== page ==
The KOH/glycerin can be added, stirring as you go with a long handled spoon for now all at once, but don’t just dump it because it’s very caustic right now. It will burn your skin! Once all of the glycerin/KOH is incorporated into the oils, grab that stick blender and start blending. Watch the phases the soap paste passes through as you blend as they occur very quickly! If your soap is too hot, it will not thicken, so let it set for a bit, then go back and try again. This is not the time to burn out your stick blender (unless you have a backup blender) trying to get the paste to thicken when it’s too hot to get there.
The paste will quickly get to a salt-water-taffy-like stage and that’s your goal. Now that it’s there, it’s time to put it back on the heat for just a bit. Not too much because the more heat you put on it, the darker it will become and as you can see in the picture, it’s IS possible to have a nearly colourless liquid soap. It will turn a deep amber if it gets too much heat, and then there’s the issue of it not thickening up when you try to stick blend it as well. So cook the soap until it tests out as fully saponified. This batch pictured took about 40-45 minutes. I used phenolphthalein to test a small bit of the paste on a paper towel. If it turns vivid pinkish purple, it’s not ready. If it remains clear, it’s ready.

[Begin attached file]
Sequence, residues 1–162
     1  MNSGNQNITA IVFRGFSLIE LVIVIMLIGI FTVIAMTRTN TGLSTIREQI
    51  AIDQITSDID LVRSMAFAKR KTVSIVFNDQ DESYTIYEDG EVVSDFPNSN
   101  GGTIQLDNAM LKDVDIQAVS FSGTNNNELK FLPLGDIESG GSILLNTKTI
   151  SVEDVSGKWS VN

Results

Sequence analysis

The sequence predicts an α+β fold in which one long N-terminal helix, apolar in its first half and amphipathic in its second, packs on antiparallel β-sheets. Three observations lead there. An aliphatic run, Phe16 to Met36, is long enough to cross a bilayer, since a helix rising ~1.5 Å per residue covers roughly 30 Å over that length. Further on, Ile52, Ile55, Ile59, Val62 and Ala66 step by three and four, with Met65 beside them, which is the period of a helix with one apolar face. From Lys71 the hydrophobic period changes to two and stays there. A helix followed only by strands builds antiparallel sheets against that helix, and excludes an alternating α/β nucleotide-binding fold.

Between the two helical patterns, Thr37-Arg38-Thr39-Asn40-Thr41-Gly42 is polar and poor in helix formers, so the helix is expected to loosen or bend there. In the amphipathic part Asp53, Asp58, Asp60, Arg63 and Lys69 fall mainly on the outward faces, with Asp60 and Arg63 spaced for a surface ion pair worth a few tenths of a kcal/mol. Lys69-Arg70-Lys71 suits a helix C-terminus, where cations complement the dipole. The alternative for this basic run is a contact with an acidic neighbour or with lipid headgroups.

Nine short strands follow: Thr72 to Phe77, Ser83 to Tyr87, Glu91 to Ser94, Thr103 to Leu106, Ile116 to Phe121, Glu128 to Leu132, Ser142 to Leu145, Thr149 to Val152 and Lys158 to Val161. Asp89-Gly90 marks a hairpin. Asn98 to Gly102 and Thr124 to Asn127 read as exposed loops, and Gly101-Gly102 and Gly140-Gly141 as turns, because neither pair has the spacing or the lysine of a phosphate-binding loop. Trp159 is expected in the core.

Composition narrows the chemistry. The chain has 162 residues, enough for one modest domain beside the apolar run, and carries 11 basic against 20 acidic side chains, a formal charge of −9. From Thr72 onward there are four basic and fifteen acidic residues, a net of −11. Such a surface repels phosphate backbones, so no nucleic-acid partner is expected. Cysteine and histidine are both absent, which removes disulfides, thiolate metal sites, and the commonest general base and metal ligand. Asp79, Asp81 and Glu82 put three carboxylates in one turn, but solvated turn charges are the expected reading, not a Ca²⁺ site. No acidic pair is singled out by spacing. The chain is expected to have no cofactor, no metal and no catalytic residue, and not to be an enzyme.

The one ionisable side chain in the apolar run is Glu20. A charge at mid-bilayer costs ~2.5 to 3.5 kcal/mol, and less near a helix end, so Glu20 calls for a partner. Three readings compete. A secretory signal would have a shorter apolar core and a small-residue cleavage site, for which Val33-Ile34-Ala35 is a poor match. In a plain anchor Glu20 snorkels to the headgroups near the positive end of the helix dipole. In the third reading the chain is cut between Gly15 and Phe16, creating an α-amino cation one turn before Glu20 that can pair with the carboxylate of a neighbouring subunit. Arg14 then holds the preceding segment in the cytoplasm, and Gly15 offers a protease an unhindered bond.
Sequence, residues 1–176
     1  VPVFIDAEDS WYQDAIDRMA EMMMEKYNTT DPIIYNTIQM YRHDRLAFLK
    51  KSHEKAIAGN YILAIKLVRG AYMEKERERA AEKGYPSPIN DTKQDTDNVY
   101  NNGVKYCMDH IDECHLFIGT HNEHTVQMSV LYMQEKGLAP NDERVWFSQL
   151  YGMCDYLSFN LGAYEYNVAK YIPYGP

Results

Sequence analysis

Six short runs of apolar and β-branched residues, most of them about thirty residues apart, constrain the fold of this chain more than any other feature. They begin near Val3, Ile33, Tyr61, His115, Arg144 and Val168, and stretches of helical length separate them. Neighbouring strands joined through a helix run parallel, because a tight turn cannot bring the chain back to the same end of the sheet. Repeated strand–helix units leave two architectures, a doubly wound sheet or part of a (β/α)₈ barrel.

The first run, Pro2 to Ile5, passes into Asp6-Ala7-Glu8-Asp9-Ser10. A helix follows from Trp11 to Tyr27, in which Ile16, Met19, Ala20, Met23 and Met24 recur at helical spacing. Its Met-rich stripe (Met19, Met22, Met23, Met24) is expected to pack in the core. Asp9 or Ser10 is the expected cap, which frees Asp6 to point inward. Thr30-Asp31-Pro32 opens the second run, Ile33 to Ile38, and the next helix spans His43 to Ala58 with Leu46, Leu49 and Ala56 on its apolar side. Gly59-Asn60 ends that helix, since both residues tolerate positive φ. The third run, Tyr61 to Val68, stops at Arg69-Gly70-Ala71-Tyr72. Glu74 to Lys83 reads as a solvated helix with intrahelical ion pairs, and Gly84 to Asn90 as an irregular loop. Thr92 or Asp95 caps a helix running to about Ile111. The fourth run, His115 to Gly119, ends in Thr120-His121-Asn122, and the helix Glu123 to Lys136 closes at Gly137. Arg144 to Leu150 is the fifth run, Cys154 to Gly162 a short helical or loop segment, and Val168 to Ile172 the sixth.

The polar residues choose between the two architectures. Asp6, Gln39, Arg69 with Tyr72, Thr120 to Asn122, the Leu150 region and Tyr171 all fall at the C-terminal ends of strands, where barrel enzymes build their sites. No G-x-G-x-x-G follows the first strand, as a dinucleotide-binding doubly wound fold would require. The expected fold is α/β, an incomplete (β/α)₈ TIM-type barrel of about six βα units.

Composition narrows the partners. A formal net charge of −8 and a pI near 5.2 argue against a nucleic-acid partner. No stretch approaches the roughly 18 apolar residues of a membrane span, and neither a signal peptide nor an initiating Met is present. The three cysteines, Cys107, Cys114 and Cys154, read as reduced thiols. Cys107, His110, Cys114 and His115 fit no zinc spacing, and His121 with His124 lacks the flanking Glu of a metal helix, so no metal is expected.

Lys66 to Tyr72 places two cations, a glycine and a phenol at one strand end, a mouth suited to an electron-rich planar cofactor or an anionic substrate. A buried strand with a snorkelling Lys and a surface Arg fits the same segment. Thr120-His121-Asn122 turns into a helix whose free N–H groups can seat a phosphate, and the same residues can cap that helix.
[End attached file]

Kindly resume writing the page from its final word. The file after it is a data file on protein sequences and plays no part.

So now you have a fully saponified paste. Congratulations! You’re almost there. Didn’t hurt a bit, did it! So now it’s off the heat source again, and leave it off. It won’t be going back. Here’s where that second canning pot comes in handy. The other large pot needs distilled water, heated and held, covered to prevent evaporation, until this paste is ready for it. You might want to start at a ratio of 1 part soap paste to 1 1/2 parts water. More can be added later if you want it, but if you add too much at this phase, it’s impossible to take it out. Err on the side of caution and no regrets will follow.
Now it’s reached that point so let’s use that water. Spoon or cut the paste into small portions into that hot water. You’ll find that if the paste is in small bits, it will dissolve in the hot water much quicker and evenly. Once all of it is in there, gently stir to distribute. Bubbles might occur, and make it difficult to see what’s dissolved and what hasn’t. If the bubbles interfere with your ability to observe progress, have a small sprayer bottle nearby with alcohol nearby (70% is fine) and spritz the top lightly with a fine mist of the alcohol. The bubbles burst instantly. Very cool. Let this solution rest for at least 8 hours to dissolve. Check it after 8 hours and look for any remaining lumps. The first pot can be washed as set aside in case you find lumps. After this pictured batch set overnight, I still had a few lumps, so I used that first large pot with a strainer on the top, poured the mostly dissolved soap through the strainer to remove the lumps and dissolved the lumps separately with a bit more distilled water that was heated and held (it kills any possible contaminants to heat and hold) in a quart sized Mason jar. After they’ve dissolved completely it can be added to your large pot.